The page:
Kerberos, and the aministrators of such environments are expected to
   be capable of devising workarounds.

6.  3DES Weakness

   The flaws in triple-DES as used for Kerberos are not quite as damning
   as those in RC4, but there is still ample justification for
   deprecating its use.  As is the case for the RC4 enctypes, the
   string2key algorithm is weak.  Additionally, the 3DES encryption
   types were never implemented in all Kerberos implementations, and the
   64-bit block size may be problematic in some environments.




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6.1.  Password-based Keys

   The n-fold-based string2key function used by the des3-cbc-sha1-kd
   encryption type is an ad-hoc construction that should not be
   considered cryptographically sound.  It is known to not provide
   effective mixing of the input bits, and is computationally easy to
   evaluate.  As such, it does not slow down brute-force attacks in the
   way that the computationally demanding PBKDF2 algorithm used by more
   modern encryption types does.  The salt is used by des3-cbc-sha1-kd's
   string2key, in contrast to RC4, but a brute-force dictionary attack
   on common passwords may still be feasible.

6.2.  Block Size

   Because triple-DES is based on the single-DES primitive, just using
   additional key material and nested encryption, it inherits the 64-bit
   cipher block size from single-DES.  As a result, an attacker who can
   collect approximately 2**32 blocks of ciphertext has a good chance of
   finding a cipher block collision (the "birthday attack"), which would
   potentially reveal a couple blocks of plaintext.

   A cipher block collision would not necessarily cause the key itself
   to be leaked, so the plaintext revealed by such a collision would be
   limited.  For some sites, that may be an acceptable risk, but it is
   still considered a weakness in the encryption type.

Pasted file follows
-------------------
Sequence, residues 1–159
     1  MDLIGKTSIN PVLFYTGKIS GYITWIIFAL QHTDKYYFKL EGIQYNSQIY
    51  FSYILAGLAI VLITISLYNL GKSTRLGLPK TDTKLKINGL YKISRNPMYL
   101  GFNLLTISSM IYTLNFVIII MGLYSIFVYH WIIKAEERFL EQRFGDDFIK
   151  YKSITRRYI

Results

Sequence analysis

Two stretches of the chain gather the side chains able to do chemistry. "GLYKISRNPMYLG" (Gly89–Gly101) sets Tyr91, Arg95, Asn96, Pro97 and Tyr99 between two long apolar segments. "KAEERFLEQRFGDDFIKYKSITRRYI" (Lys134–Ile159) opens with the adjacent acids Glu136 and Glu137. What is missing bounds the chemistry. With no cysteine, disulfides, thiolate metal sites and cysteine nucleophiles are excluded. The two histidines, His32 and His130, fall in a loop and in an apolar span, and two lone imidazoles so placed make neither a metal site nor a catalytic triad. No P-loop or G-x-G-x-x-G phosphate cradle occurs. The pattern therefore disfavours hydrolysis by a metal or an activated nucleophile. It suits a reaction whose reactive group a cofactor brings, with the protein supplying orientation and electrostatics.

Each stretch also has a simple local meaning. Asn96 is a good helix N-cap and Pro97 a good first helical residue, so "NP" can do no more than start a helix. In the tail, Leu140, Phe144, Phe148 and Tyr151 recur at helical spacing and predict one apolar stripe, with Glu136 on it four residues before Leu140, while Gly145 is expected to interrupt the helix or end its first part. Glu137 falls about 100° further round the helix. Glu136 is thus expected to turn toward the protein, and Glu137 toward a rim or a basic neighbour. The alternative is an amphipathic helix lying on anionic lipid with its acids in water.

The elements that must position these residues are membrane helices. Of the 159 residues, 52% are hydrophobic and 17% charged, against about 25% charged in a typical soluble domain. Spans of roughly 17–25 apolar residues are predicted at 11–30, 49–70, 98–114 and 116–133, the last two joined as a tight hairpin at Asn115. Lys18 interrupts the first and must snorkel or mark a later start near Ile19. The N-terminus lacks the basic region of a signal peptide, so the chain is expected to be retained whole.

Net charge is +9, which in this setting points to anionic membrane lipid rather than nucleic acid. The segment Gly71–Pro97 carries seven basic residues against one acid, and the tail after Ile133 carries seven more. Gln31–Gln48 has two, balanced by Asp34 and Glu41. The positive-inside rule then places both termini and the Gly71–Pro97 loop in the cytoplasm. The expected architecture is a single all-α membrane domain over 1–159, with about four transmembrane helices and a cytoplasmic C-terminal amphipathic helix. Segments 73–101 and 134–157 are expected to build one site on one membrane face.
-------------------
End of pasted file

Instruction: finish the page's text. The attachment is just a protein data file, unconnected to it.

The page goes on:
6.3.  Interoperability

   The triple-DES encryption types were implemented by MIT Kerberos
   early in its development (ca. 1999) and present in the 1.2 release,
   but encryption types 17 and 18 (AES) were implemented by 2003 and
   present in the 1.3 release.  The Heimdal Kerberos implementation also
   provided a version of 3DES in 1999 (though the GSSAPI portions
   remained non-interoperable with MIT for some time after that), and
   gained support for AES in 2005 with its 0.7 release.  Both Heimdal
   and MIT krb5 have supported the AES enctypes for some 12 years, and
   it is expected that deployments that support 3DES but not AES are
   quite rare.

   The Kerberos implementation in Microsoft Windows does not currently
   and has never implemented the 3DES encryption type.  Support for AES
   was introduced with Windows Vista and Windows Server 2008; older
   versions such as Windows XP and Windows Server 2003 only supported
   the RC4 encryption types.

   The 3DES encryption type offers very slow encryption, especially
   compared to the performance of AES using the hardware accelleration
   available in modern CPUs.  There are no areas where it offers



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   advantages over other encryption types except in the rare case where
   AES is not available.

7.  Recommendations

   This document hereby removes the following RECOMMENDED types from
   [RFC4120]:

   Encryption:  DES3-CBC-SHA1-KD

   Checksum:  HMAC-SHA1-DES3-KD

   Kerberos implementations and deployments SHOULD NOT implement or
   deploy the following triple-DES encryption types: DES3-CBC-MD5(5),
   DES3-CBC-SHA1(7), and DES3-CBC-SHA1-KD(16) (updates [RFC4120]).

   Kerberos implementations and deployments SHOULD NOT implement or
   deploy the RC4 encryption type RC4-HMAC(23).

   Kerberos implementations and deployments SHOULD NOT implement or
   deploy the following checksum types: RSA-MD5(7), RSA-MD5-DES3(9),
   HMAC-SHA1-DES3-KD(12), and HMAC-SHA1-DES3(13) (updates [RFC4120]).

   Kerberos GSS mechanism implementations and deployments SHOULD NOT